Stopping Distance vs. Velocity
(uses a Pasco Interface)
-> Mr. Stanbrough ->
AP Physics-> Kinematics-> this
What is the relationship between stopping distance and initial
velocity for an object subject to a constant deceleration?
When you apply the brakes of a car, the brakes applies a (more or
less) constant force to stop the car, which produces a (more or less)
constant deceleration for the car. Most people believe that they know
the relationship between the velocity that the car has before the
brakes are applied and the distance required to stop the car, but
they're wrong! (The theory
was discussed in the simulation.)
The purpose of this experiment is to check this out - without
wrecking any cars! A friction force between an object and a table is
also (more or less) constant, so in this lab you simulate the
stopping of a car by sliding a cylindrical mass across a horizontal
Here's what happens: you slide the mass through the photogate,
which measures the time that its light beam is blocked. This, along
with the diameter of the cylinder, allows you to calculate the
cylinder's average velocity, v, through the photogate. (Note:
The Science WorkshopTM photogate is automatically
programmed to calculate this velocity for you, and we will use
this feature - next time. For this lab, you will create your own
calculation for starting velocity.) You will measure and record the
distance that the cylinder slides before stopping manually. Given
enough good data, you should be able to discern the quantitative
relationship between velocity and stopping distance. There is an
PhysicsTM simulation of this situation, also.
Pasco Science WorkshopTM interface
Setting Up the Pasco Interface:
Turn on "Show Balloons" in the Help Menu. It will explain
the purpose of the various icons in the Pasco interface - which
is a big help.
Hook up and
initialize the Pasco Science WorkshopTM
Here is what the Calculator
Window would look like for a cylinder 0.022 m in
- Set up a
to measure the time the cylinder blocks the gate.
- Create a new
for the velocity of the cylinder through the gate.
keyboard entry ()
for the stopping distance of the cylinder.
- Create a data
to display time, starting
velocity and stopping distance.
- Create a
to display starting velocity vs.
the Graph Setup dialog (),
and uncheck "Connect Points". You can also re-title the graph,
and enable point protectors if you wish.
- Resize and arrange the windows for a convenient display.
the Record icon ()
in the Experiment Setup WIndow.
- Slide the mass through the photogate. Start
easy! - aim for a first slide of 5 cm or so.
Don't hit the photogate!! - they are
expensive! If you hit the side of the photogate or something else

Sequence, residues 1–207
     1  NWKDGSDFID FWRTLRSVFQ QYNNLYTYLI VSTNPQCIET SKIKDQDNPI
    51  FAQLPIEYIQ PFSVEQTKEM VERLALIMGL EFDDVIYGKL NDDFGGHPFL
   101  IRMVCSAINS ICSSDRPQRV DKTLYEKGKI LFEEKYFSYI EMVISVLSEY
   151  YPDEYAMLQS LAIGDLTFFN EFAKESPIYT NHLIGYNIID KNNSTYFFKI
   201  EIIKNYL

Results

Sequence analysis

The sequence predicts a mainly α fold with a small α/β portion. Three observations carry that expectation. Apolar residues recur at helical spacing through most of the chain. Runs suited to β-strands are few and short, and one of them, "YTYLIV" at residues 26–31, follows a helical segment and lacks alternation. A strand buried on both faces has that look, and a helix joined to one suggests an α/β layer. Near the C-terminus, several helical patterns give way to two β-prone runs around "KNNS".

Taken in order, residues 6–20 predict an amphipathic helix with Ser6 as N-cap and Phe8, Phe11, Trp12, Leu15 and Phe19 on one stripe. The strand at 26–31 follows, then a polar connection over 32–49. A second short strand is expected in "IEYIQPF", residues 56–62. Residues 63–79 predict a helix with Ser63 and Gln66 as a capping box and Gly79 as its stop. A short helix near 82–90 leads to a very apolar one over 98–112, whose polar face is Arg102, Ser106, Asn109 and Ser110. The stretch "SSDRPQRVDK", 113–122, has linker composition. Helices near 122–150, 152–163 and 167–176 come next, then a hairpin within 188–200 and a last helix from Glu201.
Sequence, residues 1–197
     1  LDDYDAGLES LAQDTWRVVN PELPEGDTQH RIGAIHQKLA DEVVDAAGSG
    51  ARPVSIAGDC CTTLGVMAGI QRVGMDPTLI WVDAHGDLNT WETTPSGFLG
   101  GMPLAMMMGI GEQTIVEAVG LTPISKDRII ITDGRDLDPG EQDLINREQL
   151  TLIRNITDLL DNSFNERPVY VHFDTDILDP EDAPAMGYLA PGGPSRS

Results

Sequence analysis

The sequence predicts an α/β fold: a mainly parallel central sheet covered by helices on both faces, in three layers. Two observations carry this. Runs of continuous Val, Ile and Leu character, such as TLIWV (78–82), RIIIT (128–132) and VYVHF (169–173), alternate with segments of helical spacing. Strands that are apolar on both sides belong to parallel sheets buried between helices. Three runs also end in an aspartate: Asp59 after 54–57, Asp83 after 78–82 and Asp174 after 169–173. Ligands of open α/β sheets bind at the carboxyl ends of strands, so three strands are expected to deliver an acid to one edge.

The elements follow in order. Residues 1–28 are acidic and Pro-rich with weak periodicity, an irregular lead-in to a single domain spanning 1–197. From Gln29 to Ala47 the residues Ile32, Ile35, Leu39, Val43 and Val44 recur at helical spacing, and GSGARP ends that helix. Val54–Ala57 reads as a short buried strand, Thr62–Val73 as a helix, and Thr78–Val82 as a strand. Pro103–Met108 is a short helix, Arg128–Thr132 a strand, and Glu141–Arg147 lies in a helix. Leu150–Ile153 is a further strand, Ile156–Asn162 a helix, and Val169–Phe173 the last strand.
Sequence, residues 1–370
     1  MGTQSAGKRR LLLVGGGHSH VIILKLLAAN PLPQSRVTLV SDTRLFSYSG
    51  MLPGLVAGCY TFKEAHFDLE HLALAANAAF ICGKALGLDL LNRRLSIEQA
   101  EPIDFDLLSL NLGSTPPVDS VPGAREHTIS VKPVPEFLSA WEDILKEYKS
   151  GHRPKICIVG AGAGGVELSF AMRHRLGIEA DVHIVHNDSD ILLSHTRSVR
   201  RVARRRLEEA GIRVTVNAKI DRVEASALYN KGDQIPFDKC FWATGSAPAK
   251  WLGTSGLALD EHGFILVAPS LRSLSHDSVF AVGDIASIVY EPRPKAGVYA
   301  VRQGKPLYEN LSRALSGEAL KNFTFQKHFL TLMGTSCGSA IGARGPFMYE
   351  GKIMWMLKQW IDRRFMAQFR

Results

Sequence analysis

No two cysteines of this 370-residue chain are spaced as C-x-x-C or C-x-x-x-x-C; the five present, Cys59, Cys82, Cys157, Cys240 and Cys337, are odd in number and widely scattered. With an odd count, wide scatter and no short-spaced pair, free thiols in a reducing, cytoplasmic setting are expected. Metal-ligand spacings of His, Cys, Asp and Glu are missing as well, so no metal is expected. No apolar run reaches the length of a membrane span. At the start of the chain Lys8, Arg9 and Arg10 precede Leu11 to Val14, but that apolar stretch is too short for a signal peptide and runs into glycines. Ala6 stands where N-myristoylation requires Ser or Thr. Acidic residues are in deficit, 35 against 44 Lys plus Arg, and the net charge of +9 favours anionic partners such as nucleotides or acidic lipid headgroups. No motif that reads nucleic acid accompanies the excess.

bad happens, record this information along with the trial number
so that you can identify the "bad" data later.
- Measure the distance that the mass slid after passing through
the photogate. It might be good to think about the best way of
doing this. (Hint: Instead of moving the meter stick (and
probably the photogate) to measure each trial, you could leave the
photogate and meter stick in place for each trial, and use a 3x5
card or piece of paper as a 90o index ("square" to the
meter stick) to measure the distance. This may or may not provide
more consistent results that whatever method you can think of -
ti's just a hint...) Record the distance and press
<Return>.(Of course, as you make your measurements, be
- Remember that your lab book should be an "as it happens"
account of your work, and should contain a diagram of your lab
setup and a brief description of the procedure that you are
- When you have enough data (Ha!), click on "Stop Sampling". You
can make another run by clicking on Record ()
The analysis of your experimental data can proceed pretty-much as
it did in the simulation,
except that this is real data, and you will need to determine
the probable uncertainty in your measurements and calculations, and
add error bars to your
graphs. You can copy your data to the Clipboard, and paste it into
the Graphical AnalysisTM program if you like, and
then analyze it like you did in the simulation, or you can use the
Science WorkshopTM graphing tools. The links below
point to Science WorkshopTM notes on analysis of
- Stopping Distance: Having measured several stopping
distances, you should have a pretty good idea of the process, and
be able to decide on and justify an uncertainty for your
measurements. What factors contributed to this uncertainty?
- Starting Velocity: The starting velocity is the
diameter of the cylinder divided by the time interval recorded by
the photogate, so the relative uncertainty
in the starting velocity equals the sum of the relative
uncertainties of the diameter measurement and the time
measurement. You should be able to estimate and justify the
uncertainty in your diameter measurement. You can consider the
in the time measurement to be in the range 1.4 ms to 2 ms (1.4
x 10-4 s to 2 x 10-4 s). Instead of
calculating a relative
uncertainty for each trial, you can use the average
time (The uncertainty is an estimate, remember.) and
calculate one relative uncertainty for the velocity.
horizontal and vertical error bars (if appropriate) to your
graph, and do a curve
fit to check how your data compares to theory. To plot a graph of
v2 vs. x, create
the v2 calculation (shown at right) and add
a new column to your data table to hold it. Then create
a new graph of v2
So, what do you think? In particular,
- Does your data support the hypothesis that stopping distance
is proportional to the square of the initial valocity? Why do you
- What was the measurement that contributed the most uncertainty
to your results? How could this be improved if you were to do this
- What was the acceleration of the object in your experiment,
anyway? (Show a calculation, please.)
-> Mr. Stanbrough ->
AP Physics-> Kinematics-> this
last update July 12, 2000 by JL